I'm puzzled by the mixed reactions to the announced opening of discount "expired" food store concept The Daily Table, spearheaded by former Trader Joe's president Doug Rauch, and slated to open in Dorchester, Massachusetts this spring. Could consumers' fears of sell-by dates really cause them to abandon slightly older food completely? Is it gross? By now you've read the stats: Americans waste an estimated 35 million tons of food a year, or about 40% of the food we buy. That's over a hundred billion dollars that could feed every hungry person in America, but doesn't.
As someone with precisely zero fear of food that doesn't display something very clearly wrong, I'm excited to make good use of that which would only nourish the bacteria decomposing it. Here are five points in unabashed favor of getting The Daily Table open ASAP, all over the place.
1. "This ____ expired two days ago" is significantly more of a First World problem than your scent coordinator and clutter specialist having clashing philosophies. You need food to have First World problems. One in four Americans doesn't (and the next round of SNAP cuts will make it worse), so I declare a moratorium on the First World Problem meme until we have better control over our food supply. In the meantime, nothing expired two days ago. Your eggs, cheese, milk, grains, canned, frozen, bottled, bagged stuff, it's all fine. Cook meat and fish the day you get it or the day after.
2. Along those lines: sell-by dates are suggestions, not commandments, and they're certainly not expiration dates. Look at the carton of eggs you bought recently. They're good for six weeks right? They're also good for seven weeks. Believe it or not, they're even good for 8. Apply that logic to other logical foods.
3. Leftovers are next to godliness. I know people with irrational fears of food that wasn't cooked the same day it was eaten. It's very hard to change their tune by convincing them their food isn't tainted. It's much easier to educate them (using a light touch, unless of course you travel with a fold-away podium) by earnestly mentioning that everyone's food waste contributes to everyone's food shortage. The less we buy — and statistically we're buying 1.4 times what we need — the faster the system will adjust to producing and selling the correct amount of food. Not like Hunger Games District 13 correct amount of food, just not so much that dozens of millions of tons return to whence it came.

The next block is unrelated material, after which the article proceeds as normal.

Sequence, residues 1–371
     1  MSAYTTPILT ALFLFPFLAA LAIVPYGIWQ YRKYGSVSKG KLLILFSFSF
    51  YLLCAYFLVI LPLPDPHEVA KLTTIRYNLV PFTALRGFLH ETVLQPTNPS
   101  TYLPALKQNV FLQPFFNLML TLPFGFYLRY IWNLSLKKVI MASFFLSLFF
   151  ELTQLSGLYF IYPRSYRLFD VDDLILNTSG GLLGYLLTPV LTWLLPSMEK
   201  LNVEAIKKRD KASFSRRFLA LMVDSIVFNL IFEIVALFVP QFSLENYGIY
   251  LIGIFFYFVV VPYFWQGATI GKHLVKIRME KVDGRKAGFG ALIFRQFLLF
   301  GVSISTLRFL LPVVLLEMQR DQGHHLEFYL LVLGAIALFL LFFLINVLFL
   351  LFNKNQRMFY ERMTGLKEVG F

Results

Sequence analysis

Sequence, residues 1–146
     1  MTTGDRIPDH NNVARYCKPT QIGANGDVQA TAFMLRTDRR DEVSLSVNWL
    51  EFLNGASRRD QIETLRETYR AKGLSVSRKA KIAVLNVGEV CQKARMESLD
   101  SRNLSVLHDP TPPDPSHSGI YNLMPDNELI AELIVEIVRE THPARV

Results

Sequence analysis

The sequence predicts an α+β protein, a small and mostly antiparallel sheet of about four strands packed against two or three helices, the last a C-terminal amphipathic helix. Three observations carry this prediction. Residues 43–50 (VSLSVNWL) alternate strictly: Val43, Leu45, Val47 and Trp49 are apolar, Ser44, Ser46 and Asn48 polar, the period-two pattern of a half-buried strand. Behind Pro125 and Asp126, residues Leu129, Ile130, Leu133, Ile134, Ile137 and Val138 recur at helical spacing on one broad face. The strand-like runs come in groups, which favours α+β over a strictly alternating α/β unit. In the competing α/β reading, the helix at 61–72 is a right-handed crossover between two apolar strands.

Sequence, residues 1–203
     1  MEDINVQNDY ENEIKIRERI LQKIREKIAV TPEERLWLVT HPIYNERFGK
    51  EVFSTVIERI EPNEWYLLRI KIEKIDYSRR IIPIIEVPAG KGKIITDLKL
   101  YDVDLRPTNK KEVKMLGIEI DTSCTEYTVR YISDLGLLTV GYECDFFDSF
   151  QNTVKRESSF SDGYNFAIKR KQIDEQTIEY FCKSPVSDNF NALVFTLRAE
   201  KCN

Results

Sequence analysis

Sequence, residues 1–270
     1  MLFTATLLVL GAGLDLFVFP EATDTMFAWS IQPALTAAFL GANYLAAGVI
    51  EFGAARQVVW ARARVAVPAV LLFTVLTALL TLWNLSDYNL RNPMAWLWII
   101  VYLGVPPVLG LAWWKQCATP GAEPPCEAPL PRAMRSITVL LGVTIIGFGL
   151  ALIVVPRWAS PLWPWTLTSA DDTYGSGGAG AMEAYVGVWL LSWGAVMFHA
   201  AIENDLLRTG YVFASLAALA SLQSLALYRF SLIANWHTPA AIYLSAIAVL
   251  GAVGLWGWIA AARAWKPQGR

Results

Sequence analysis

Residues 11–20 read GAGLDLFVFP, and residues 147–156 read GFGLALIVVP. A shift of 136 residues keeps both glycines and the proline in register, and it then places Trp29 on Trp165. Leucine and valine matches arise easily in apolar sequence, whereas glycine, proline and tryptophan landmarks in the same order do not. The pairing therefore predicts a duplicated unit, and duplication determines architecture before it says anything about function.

4. Maybe this will actually work. Doug Rauch has a hunch but no proof that customers given the choice of guranateed safe but slightly older food and brand-new food will choose the former. "Well, we'll see, won't we?" says the former TJ's president. "I think that the issue here is how you talk about it."
5. What are you waiting for, anyway? Most of the world isn't on the "food shopping Sunday" schedule. They make trips to produce markets, butchers, fishmongers and bakers several times a week. Not only does this ensure their food is fresh and give purveyors an accurate idea of how much to stock, it instills a realistic sense of how long food actually lasts.
In summation, if it smells bad and/or is spawning new unrelated life, toss it. Otherwise, do the system a favor, join the clean plate club and check out The Daily Table, which could soon be revolutionizing a city near you.
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